I love it with a generous piece of baguette to dip in the sauce, but the more orthodox accompaniment will probably be plain steamed or boiled rice.

cooking spiced monkfish

More fish recipes

Fish poached in butter: use halibut or another firm fish for a real treat. No, the fish is not greasy. Yes, you can reuse the butter.

An easy tray bake, cod and potatoes, is a bit like deconstructed and healthier fish and chips.

This recipe for salt and pepper halibut is also great with monkfish. Easy, healthy and tasty.

And if you didn’t think fish can be successfully stir fried, try my Thai fish stir fry recipe.

spicy skillet monkfish


spiced monkfish

Servings: 2Time: 10 minutes plus chilling
Rating: (7 reviews)

  • 2 monkfish tail fillets, deboned
  • fine sea salt
  • 1 shallot
  • 2 cm ginger root
  • 1 tsp Korean chili powder (gochugaru)
  • ½ tsp turmeric (or 2 tsp curry powder instead of the two above spices) 
  • 2 tbsp butter
  • a pinch of saffron
  • 2 tbsp crème fraiche
  • about 100ml chicken stock
  • a little chopped parsley, for garnish


1. Monkfish needs firming up before cooking, otherwise it releases a lot of water whilst being cooked. Sprinkle the fillets generously with salt, chill for at least half an hour then rinse off the salt and pat dry.

2. In the meantime peel and finely dice the shallot. Peel the ginger and cut it into thin matchsticks.

3. Cut the fish into generous bite-sized chunks. Mix the gochugaru, turmeric and ½ tsp salt together and dip the monkfish pieces in the mix.

4. Melt the butter in a frying pan over medium-high heat. Add the monkfish pieces, the diced shallot and ginger and cook for a minute. Sprinkle the saffron over the dish and turn the monkfish pieces over.

5. Turn the heat up, add the crème fraiche and the stock and bubble away for another 1-2 minutes.

6. Transfer to serving bowls or dishes and sprinkle with chopped parsley. Serve with plain rice.

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Your comments

Anna @ CuisineFiend
Hi Mary - thank you for trying the recipe. It will go very well with prawns too!
8 months ago
Wonderful! I will try this sauce with other fish, maybe even prawns.
8 months ago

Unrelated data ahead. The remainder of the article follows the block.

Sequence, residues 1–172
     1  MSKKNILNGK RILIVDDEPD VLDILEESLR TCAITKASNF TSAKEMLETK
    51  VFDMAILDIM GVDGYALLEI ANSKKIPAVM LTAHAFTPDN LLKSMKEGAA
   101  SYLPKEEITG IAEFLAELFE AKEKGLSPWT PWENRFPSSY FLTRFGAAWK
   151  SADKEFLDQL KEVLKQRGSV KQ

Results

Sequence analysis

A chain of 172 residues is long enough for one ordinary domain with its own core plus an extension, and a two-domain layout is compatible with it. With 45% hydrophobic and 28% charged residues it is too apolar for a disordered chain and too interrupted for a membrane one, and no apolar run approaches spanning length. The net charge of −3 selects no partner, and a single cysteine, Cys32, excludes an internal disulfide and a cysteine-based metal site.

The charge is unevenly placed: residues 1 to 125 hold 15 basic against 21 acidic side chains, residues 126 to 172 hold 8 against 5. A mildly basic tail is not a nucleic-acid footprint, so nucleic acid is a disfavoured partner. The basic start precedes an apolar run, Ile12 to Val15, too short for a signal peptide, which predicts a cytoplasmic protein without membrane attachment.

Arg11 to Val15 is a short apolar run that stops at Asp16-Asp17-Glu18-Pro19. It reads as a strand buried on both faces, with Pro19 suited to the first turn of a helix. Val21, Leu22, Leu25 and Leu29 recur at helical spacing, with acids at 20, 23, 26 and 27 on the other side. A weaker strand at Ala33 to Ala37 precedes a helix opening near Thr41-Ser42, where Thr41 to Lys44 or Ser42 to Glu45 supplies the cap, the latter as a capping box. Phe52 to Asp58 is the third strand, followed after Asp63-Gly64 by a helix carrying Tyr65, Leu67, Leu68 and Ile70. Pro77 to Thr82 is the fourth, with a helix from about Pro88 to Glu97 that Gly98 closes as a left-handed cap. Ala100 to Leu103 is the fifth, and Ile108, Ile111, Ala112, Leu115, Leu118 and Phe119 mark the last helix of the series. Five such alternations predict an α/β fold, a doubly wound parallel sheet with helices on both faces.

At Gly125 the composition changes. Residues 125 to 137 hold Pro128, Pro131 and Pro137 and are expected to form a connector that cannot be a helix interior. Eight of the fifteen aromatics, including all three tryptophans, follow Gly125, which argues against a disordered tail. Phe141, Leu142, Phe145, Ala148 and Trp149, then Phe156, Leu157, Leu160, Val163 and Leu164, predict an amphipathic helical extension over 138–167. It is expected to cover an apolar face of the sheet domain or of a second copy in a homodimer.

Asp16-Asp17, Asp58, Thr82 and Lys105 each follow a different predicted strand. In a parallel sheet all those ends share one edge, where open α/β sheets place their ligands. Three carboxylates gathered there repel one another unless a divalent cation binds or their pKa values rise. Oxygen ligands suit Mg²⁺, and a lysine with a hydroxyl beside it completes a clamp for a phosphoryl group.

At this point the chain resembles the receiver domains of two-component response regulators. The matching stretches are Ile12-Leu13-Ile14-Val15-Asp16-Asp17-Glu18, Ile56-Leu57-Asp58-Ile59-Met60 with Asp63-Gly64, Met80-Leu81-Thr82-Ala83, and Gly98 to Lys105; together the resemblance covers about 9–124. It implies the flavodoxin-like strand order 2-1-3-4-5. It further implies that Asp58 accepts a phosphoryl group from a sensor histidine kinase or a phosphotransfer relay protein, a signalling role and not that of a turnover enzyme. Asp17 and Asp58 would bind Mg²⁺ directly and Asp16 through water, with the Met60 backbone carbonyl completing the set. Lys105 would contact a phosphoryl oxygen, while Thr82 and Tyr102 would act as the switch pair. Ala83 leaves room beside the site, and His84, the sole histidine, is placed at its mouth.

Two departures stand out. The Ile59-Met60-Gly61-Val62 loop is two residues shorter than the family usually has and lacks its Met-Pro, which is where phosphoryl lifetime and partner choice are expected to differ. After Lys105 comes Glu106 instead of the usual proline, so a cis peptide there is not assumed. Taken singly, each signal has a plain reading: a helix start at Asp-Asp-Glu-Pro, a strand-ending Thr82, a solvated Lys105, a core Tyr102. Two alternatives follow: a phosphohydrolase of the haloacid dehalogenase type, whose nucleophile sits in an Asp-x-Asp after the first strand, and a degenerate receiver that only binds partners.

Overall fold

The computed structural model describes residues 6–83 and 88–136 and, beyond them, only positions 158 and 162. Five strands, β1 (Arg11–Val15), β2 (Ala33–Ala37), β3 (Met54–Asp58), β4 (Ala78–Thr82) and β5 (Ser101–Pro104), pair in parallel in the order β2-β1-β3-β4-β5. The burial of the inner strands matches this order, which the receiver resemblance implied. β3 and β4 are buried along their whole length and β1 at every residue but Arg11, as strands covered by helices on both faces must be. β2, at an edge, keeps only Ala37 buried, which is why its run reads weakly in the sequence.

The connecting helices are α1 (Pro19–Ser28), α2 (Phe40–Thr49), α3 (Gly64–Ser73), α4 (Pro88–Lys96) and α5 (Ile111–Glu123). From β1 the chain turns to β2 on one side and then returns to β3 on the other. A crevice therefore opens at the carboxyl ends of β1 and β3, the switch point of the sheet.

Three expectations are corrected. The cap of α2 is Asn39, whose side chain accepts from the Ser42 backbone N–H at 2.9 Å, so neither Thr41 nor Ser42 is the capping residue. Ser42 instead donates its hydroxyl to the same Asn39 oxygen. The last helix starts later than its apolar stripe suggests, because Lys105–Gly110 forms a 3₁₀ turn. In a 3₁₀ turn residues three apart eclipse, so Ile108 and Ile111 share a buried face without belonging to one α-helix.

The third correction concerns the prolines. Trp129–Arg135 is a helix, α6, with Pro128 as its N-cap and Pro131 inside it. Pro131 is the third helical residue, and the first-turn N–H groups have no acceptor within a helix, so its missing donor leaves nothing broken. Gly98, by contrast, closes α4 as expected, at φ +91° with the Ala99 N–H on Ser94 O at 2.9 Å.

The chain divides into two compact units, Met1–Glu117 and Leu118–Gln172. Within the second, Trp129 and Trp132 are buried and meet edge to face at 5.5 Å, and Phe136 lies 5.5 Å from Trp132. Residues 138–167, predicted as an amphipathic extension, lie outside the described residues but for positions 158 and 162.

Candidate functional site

Anna @ CuisineFiend
Hi Sonia - thank you. And what a great idea to do it with salmon!
9 months ago
delicious! had to sop up every last drop of sauce. had to use aleppo pepper instead of gochugaru which worked perfectly. making it again this week, with salmon this time.
9 months ago
A mumford
Cooked this before very tasty.
10 months ago
Anna @ CuisineFiend
Hi M - thank you!
11 months ago
M scanlon
Followed the directions and everything turned out just fine. If you like it spicier just up the red pepper.
11 months ago
Anna @ CuisineFiend
Hi Cindy - thank you, I'm glad you enjoyed it. The first portion of salt should be rinsed off as its purpose is only to firm up the fish so the end product shouldn't be too salty but of course it's the matter of taste.
2 years ago
This was fabulous. I used the curry version and sour cream for the crème fresh. Loved it. But a bit salty as stated below. Will make this again!! Thank you
2 years ago
Anna @ CuisineFiend
Hi Steve, thank you! Prawns sound a great idea.
2 years ago
Great recipe, lovely flavour, too much salt for my taste, recommend salting the pan as needed and not the pepper/turmeric rub. Added a few prawns which complimented the dish.
2 years ago
Sally Rayson
Basa fish is also excellent in this dish
3 years ago

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Hello! I'm Anna Gaze, the Cuisine Fiend. Welcome to my recipe collection.

I have lots of recipes for you to choose from: healthy or indulgent, easy or more challenging, quick or involved - but always tasty.